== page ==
Our word for truth or correctness or any of its synonyms is w’dae’b’wae, meaning, ‘he or she is telling the truth, is right, is correct, is accurate.’ From its composition – the prefix dae, which means ‘as far as, inasmuch as, and according to’ and the root wae, a contraction of wae wae referring to sound – emerges the second meaning, which gives the sense of a person casting his or her knowledge as far as he or she can. By implication, the person whom is said to be dae’b’wae is acknowledged to be telling what he or she knows only insofar as he or she has perceived what he or she is reporting, and only according to his or her command of the language. In other words, the speaker is exercising the highest degree of accuracy possible given what he or she knows. In the third sense, the term conveys the philosophic notion that there is no such thing as absolute truth.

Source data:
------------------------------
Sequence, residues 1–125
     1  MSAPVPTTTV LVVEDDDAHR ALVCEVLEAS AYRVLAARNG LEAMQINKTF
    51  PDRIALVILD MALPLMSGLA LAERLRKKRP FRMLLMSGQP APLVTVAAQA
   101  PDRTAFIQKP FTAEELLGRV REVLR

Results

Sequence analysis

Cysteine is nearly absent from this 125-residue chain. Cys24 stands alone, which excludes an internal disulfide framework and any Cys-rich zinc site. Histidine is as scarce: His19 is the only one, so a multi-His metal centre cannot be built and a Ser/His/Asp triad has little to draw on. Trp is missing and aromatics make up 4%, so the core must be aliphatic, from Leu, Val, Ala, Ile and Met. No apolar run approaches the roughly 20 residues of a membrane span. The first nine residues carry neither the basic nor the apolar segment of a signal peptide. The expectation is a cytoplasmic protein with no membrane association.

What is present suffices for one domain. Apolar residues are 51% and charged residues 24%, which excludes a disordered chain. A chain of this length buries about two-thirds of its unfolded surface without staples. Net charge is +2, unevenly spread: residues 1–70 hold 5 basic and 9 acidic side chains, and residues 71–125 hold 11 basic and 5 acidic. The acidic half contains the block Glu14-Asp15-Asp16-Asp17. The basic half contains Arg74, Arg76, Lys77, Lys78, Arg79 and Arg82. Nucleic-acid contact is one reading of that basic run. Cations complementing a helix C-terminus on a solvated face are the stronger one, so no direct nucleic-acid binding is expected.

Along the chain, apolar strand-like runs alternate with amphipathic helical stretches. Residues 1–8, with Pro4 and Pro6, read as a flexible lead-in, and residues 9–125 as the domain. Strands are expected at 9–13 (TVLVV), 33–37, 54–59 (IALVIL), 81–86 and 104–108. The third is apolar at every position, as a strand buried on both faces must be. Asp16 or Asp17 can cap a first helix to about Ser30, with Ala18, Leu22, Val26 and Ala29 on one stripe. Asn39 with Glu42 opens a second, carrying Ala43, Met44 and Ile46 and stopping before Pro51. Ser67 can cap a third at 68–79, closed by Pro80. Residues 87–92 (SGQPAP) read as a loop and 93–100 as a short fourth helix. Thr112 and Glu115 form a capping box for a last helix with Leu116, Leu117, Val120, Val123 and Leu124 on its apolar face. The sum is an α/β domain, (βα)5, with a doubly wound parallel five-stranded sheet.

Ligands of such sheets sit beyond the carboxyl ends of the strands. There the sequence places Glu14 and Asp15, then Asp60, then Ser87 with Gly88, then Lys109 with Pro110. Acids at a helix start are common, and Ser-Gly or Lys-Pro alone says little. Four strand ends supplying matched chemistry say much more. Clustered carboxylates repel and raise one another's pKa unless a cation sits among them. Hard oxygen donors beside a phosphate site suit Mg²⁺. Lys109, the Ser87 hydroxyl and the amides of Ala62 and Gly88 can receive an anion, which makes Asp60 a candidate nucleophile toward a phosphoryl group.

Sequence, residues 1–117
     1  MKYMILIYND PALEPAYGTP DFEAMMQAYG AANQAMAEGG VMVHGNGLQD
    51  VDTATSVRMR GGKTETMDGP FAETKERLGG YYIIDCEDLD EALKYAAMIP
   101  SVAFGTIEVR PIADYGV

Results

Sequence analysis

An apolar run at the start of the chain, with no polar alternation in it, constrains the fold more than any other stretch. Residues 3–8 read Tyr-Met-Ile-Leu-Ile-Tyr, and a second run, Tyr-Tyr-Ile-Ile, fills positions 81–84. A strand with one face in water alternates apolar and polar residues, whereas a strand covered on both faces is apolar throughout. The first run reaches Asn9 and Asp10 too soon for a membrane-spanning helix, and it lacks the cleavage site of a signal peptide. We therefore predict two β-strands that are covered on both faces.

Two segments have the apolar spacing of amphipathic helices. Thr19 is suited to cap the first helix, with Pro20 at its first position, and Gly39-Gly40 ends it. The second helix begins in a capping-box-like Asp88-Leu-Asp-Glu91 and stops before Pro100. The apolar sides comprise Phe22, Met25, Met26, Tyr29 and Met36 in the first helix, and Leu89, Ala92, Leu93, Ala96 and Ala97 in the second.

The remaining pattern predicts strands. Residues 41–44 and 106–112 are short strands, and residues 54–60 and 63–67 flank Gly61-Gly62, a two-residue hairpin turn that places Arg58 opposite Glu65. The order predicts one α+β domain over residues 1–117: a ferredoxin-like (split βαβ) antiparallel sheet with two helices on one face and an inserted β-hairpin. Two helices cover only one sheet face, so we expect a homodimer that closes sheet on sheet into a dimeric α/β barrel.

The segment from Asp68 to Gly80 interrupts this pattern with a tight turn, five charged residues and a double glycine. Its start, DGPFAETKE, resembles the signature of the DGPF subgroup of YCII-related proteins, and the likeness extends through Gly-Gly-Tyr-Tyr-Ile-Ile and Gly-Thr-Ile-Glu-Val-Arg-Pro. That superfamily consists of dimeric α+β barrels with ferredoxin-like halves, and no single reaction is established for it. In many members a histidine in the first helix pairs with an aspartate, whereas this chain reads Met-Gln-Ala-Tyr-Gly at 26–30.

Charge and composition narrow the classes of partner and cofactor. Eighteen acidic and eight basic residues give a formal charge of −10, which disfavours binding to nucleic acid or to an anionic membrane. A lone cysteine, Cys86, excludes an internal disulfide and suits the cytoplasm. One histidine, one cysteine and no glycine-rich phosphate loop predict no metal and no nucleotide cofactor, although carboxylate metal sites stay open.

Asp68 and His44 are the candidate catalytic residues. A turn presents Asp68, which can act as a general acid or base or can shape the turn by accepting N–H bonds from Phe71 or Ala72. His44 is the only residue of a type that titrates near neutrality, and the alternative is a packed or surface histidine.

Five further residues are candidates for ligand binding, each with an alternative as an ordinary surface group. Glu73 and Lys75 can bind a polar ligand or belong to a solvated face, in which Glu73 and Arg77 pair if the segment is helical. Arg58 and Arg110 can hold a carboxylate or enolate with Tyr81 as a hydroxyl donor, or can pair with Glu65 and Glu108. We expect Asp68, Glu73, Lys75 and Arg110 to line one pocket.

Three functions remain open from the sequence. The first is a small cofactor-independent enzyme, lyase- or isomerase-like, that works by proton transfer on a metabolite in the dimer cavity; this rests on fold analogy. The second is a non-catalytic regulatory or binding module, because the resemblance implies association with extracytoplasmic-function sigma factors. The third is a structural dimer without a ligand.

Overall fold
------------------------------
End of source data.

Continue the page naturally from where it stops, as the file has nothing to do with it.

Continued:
– Basil Johnson, quoted in Leanne Simpson’s Dancing on Our Turtle’s Back